Not a single European country has self-sustaining birth rates, warns Hungarian president as demographic crisis grows

Hungary has shown significant improvement, but it’s still not enough

editor: REMIX NEWS
author: John Cody and Denes Albert

The demographic crisis is perhaps the biggest threat Europe is currently facing, warned Hungarian President Katalin Novák in an hour-long interview with news station InfoRádió, just ahead of the 5th Budapest Demographic Forum.

“Not having enough children is not only a Hungarian phenomenon, it is the same everywhere in the so-called developed Western world. If we just think about the fact that there is not a single country in Europe today that has enough children to even maintain its population — so we are not talking about population growth — then we can sense how big the problem is,” Novák said.

“Or I could quote Elon Musk, who said that the demographic challenge is now more serious than the climate crisis, it is a bigger problem for the future of the developed world. I am also inclined to take that as a true statement. It is a problem for Europe as a whole, and indeed for the Western world as a whole.”

Hungarian President Katalin Novák, the first female president in Hungary’s history.

Novák, who previously served as the minister for family affairs, said that while the consecutive conservative governments led by Prime Minister Viktor Orbán since 2010 have made major advances in promoting childbirth, it has still not been enough to reverse the negative trend.

As Remix News previously reported, Europe is experiencing a catastrophic baby bust, with a number of countries hitting record lows in terms of the birth rate, including countries like Finland, where fewer babies than ever before were born in 2022, according to Statistics Finland.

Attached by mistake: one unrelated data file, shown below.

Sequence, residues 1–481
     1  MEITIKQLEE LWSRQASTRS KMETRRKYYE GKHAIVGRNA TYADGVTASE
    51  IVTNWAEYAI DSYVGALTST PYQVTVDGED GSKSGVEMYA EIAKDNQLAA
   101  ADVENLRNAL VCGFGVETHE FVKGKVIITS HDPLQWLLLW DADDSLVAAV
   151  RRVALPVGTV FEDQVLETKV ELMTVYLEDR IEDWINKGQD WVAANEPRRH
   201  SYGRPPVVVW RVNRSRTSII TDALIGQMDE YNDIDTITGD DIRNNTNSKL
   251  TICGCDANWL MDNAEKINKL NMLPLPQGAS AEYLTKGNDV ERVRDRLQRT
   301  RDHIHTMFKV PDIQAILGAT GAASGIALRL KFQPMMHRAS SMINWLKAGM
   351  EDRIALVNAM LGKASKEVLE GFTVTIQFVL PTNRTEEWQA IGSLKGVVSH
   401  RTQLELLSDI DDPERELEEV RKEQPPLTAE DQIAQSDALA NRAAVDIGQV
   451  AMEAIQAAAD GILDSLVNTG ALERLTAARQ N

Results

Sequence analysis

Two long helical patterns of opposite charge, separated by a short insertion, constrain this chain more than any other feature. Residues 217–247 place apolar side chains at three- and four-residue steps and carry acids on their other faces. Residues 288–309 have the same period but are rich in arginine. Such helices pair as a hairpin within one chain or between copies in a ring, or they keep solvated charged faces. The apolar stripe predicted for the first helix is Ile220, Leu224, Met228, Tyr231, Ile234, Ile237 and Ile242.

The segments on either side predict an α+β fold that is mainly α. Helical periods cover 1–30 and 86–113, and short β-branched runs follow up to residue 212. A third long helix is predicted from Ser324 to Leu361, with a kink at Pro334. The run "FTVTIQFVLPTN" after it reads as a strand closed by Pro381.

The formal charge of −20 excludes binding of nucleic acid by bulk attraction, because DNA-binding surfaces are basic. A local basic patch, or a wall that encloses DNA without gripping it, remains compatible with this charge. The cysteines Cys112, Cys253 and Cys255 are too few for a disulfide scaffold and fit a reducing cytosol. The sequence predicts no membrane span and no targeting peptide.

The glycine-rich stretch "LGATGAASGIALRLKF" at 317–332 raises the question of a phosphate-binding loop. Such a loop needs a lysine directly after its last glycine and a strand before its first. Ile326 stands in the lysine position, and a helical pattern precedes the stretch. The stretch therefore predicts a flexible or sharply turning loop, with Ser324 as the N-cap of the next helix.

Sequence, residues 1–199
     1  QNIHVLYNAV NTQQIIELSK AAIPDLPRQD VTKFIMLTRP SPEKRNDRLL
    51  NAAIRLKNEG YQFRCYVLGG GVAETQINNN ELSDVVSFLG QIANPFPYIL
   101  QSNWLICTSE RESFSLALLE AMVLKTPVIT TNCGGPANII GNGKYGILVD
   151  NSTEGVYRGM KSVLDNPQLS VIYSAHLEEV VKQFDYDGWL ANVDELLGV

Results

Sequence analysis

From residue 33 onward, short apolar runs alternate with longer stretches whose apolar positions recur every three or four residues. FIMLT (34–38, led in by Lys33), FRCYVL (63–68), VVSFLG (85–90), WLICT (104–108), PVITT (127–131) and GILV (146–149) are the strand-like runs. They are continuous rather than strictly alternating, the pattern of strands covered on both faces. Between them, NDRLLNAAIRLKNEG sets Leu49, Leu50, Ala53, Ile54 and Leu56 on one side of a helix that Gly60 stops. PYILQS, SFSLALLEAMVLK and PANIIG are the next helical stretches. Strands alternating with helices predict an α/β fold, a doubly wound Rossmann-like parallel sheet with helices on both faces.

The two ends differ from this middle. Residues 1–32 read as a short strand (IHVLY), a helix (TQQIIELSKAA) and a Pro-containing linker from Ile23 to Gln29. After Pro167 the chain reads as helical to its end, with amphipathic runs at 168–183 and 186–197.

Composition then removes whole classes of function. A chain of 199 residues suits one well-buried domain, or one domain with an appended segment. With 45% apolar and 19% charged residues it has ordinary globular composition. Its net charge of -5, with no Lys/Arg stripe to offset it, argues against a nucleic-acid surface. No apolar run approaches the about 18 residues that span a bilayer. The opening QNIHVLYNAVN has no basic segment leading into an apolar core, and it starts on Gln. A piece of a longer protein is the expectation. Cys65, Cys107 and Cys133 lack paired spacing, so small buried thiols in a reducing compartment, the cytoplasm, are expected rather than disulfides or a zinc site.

For years, Italy has been facing what Pope Francis has called a “demographic winter“, and unlike Finland, which saw a slight bump in births during the Covid-19 crisis, Italy joined the list of countries that saw birth rates crash during the pandemic. In fact, Italy has the lowest birth rate of any country in Europe, and in 2022, it hit a new record low, marking the country’s 14th consecutive drop in birth rate.

Promising political figures like Italian Prime Minister Giorgia Meloni have since betrayed campaign pledges to boost the birth rate and instead have turned to mass immigration to fill the gap.

Last week, Remix News reported that Poland had released statistics revealing that Poland has the lowest birth rate since the end of World War II, leading to a rapidly aging population.

Hungary, with its pro-family policies, has been able to ameliorate its own precarious demographic situation, including cutting the number of divorces, raising the birth rate, and significantly reducing abortions, but it too has struggled against European-wide trends, a point Novák acknowledges:

“There has been a rise in Hungary over the last decade that we have not seen anywhere else in Europe, but indeed, there are still very few children being born. Just because we are meeting here, talking about these important issues, listening to each other, learning from each other, it will not mean that twice as many children will be born the next day,” she said.

“But I am convinced that we can place this issue among the issues that need to be discussed at the highest level and at the lowest level at the same time.”

The 5th Budapest Demographic Summit begins on September 14. Speakers include Italian Prime Minister Giorgia Meloni, Serbian President Aleksandar Vučić, Bulgarian President Rumen Radev, Canadian psychologist Jordan Peterson and Nobel-Prize winning U.S. economist James Heckman.

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